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              Psychometric analysis of the PTSD Checklist-5 (PCL-5) among treatment-seeking military service members.

              The Posttraumatic Stress Disorder Checklist (PCL-5; Weathers et al., 2013) was recently revised to reflect the changed diagnostic criteria for posttraumatic stress disorder (PTSD) in the fifth edition of the Diagnostic and Statistical Manual of Mental Disorders (DSM-5; American Psychiatric Association, 2013). We investigated the psychometric properties of PCL-5 scores in a large cohort (N = 912) of military service members seeking PTSD treatment while stationed in garrison. We examined the internal consistency, convergent and discriminant validity, and DSM-5 factor structure of PCL-5 scores, their sensitivity to clinical change relative to PTSD Symptom Scale-Interview (PSS-I; Foa, Riggs, Dancu, & Rothbaum, 1993) scores, and their diagnostic utility for predicting a PTSD diagnosis based on various measures and scoring rules. PCL-5 scores exhibited high internal consistency. There was strong agreement between the order of hypothesized and observed correlations among PCL-5 and criterion measure scores. The best-fitting structural model was a 7-factor hybrid model (Armour et al., 2015), which demonstrated closer fit than all other models evaluated, including the DSM-5 model. The PCL-5's sensitivity to clinical change, pre- to posttreatment, was comparable with that of the PSS-I. Optimally efficient cut scores for predicting PTSD diagnosis were consistent with prior research with service members (Hoge, Riviere, Wilk, Herrell, & Weathers, 2014). The results indicate that the PCL-5 is a psychometrically sound measure of DSM-5 PTSD symptoms that is useful for identifying provisional PTSD diagnostic status, quantifying PTSD symptom severity, and detecting clinical change over time in PTSD symptoms among service members seeking treatment. (PsycINFO Database Record
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                Author and article information

                Contributors
                hawkar@uni-bielefeld.de
                verena.ertl@uni-bielefeld.de
                claudia.catani@uni-bielefeld.de
                azad.ali@koyauniversity.org
                frank.neuner@uni-bielefeld.de
                Journal
                BMC Psychiatry
                BMC Psychiatry
                BMC Psychiatry
                BioMed Central (London )
                1471-244X
                16 August 2018
                16 August 2018
                2018
                : 18
                : 259
                Affiliations
                [1 ]ISNI 0000 0001 0944 9128, GRID grid.7491.b, Department of Psychology, Clinical Psychology and Psychotherapy, , Bielefeld University, ; Bielefeld, Germany
                [2 ]vivo international, Konstanz, Germany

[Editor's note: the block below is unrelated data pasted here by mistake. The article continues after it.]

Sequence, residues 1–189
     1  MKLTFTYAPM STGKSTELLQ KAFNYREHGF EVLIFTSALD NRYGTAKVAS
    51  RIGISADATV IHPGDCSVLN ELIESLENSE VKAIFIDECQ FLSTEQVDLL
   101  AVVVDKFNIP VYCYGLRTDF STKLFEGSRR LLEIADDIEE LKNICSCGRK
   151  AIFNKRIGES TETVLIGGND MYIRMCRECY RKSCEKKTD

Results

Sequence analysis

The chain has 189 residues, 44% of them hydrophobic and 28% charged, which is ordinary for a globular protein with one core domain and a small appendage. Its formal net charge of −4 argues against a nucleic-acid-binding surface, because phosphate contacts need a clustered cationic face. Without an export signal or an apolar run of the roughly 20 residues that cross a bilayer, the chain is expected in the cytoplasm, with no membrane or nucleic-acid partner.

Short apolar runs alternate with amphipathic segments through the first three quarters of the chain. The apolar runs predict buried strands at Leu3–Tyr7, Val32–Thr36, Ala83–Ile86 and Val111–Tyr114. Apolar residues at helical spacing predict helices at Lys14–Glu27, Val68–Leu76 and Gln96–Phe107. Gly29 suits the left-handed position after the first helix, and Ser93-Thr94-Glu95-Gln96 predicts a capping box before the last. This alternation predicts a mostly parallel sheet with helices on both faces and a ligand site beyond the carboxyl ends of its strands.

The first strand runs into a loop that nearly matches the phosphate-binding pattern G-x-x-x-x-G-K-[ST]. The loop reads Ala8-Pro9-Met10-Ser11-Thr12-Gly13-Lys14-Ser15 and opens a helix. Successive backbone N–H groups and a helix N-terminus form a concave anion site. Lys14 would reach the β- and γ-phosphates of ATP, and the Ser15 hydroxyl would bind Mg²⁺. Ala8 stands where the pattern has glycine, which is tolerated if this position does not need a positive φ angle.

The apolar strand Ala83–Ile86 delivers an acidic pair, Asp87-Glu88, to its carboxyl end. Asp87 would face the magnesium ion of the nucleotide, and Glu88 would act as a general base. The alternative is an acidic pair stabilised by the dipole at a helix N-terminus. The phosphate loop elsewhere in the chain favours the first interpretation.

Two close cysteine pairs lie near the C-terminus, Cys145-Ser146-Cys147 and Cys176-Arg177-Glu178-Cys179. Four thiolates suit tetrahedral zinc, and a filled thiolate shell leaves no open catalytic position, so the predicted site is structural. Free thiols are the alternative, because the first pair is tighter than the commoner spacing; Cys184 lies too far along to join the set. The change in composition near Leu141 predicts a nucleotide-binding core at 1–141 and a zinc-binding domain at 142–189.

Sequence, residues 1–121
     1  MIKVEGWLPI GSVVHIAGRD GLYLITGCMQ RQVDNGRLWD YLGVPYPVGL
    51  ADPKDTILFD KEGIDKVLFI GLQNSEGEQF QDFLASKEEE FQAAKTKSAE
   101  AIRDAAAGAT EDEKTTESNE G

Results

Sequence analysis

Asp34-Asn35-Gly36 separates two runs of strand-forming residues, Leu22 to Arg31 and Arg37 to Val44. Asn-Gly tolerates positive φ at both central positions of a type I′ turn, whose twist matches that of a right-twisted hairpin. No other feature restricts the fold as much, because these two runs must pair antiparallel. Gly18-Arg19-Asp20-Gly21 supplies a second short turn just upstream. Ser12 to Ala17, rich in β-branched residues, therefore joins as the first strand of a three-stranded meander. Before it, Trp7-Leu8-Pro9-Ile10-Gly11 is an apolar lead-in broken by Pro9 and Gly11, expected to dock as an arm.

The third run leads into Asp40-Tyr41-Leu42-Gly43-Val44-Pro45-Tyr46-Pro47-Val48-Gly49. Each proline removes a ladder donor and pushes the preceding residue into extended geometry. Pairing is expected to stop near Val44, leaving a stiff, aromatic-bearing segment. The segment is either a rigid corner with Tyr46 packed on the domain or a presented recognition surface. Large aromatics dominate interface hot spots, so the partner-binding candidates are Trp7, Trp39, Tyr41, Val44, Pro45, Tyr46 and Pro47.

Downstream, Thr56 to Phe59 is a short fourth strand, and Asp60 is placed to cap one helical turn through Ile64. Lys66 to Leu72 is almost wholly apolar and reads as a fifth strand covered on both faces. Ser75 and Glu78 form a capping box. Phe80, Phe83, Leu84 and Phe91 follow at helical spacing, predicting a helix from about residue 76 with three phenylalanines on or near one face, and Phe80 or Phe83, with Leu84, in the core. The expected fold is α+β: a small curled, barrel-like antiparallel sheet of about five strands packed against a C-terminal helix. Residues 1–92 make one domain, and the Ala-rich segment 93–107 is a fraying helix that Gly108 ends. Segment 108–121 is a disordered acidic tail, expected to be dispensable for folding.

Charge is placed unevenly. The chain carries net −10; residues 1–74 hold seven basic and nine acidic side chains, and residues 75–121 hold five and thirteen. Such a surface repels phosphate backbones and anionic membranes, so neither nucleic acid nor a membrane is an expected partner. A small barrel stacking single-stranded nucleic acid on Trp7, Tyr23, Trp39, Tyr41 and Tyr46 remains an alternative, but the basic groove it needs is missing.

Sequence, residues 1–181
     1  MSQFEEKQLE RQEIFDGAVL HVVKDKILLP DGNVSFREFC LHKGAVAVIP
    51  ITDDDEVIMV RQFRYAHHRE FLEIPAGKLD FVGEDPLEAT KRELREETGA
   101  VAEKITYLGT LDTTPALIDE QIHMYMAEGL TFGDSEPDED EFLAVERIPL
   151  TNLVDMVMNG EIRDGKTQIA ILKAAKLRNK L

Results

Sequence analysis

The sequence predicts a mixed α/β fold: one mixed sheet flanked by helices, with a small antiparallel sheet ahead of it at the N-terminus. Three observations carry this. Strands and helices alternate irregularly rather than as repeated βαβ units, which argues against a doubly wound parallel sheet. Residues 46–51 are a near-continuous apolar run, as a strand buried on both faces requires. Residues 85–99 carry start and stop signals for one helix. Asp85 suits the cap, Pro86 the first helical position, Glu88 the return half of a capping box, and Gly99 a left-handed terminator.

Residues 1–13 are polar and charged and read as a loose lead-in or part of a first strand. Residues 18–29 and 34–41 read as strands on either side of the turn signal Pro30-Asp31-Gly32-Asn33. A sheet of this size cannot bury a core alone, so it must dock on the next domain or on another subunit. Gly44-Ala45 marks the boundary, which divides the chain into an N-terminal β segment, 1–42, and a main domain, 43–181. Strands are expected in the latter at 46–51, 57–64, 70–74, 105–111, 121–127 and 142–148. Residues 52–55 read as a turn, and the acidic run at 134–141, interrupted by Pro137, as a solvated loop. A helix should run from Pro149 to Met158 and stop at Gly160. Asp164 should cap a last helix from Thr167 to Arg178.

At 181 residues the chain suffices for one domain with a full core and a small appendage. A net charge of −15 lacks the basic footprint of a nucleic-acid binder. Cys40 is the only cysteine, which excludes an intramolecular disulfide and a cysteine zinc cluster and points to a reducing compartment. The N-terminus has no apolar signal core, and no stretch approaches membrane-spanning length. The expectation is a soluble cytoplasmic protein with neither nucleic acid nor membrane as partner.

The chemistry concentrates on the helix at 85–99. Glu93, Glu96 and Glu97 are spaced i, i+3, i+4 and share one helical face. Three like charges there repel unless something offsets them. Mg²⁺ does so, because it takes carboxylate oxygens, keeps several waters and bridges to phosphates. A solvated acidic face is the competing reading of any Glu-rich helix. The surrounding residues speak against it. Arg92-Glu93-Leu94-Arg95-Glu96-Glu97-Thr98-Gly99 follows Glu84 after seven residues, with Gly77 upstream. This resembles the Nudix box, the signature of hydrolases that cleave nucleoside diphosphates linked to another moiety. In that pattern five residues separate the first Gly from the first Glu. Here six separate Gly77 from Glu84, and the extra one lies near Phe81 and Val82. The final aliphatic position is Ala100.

[3 ]GRID grid.440835.e, Department of Clinical Psychology, , Koya University, ; Koya, Kurdistan Region of Iraq Iraq
                Article
                1839
                10.1186/s12888-018-1839-z
                6097219
                30115040
                c0e5fb02-9cab-42a6-a66a-cb27c6ba29de
                © The Author(s). 2018

                Open AccessThis article is distributed under the terms of the Creative Commons Attribution 4.0 International License ( http://creativecommons.org/licenses/by/4.0/), which permits unrestricted use, distribution, and reproduction in any medium, provided you give appropriate credit to the original author(s) and the source, provide a link to the Creative Commons license, and indicate if changes were made. The Creative Commons Public Domain Dedication waiver ( http://creativecommons.org/publicdomain/zero/1.0/) applies to the data made available in this article, unless otherwise stated.

                History
                : 1 November 2017
                : 7 August 2018
                Funding
                Funded by: FundRef http://dx.doi.org/10.13039/501100001663, Volkswagen Foundation;
                Award ID: 91474
                Award ID: 91474
                Award ID: 91474
                Award Recipient :
                Funded by: FundRef http://dx.doi.org/10.13039/501100001655, Deutscher Akademischer Austauschdienst;
                Award ID: 91562643
                Award Recipient :
                Categories
                Research Article
                Custom metadata
                © The Author(s) 2018

                Clinical Psychology & Psychiatry
                pcl,ptsd,validation,arab spring,displaced people
                Clinical Psychology & Psychiatry
                pcl, ptsd, validation, arab spring, displaced people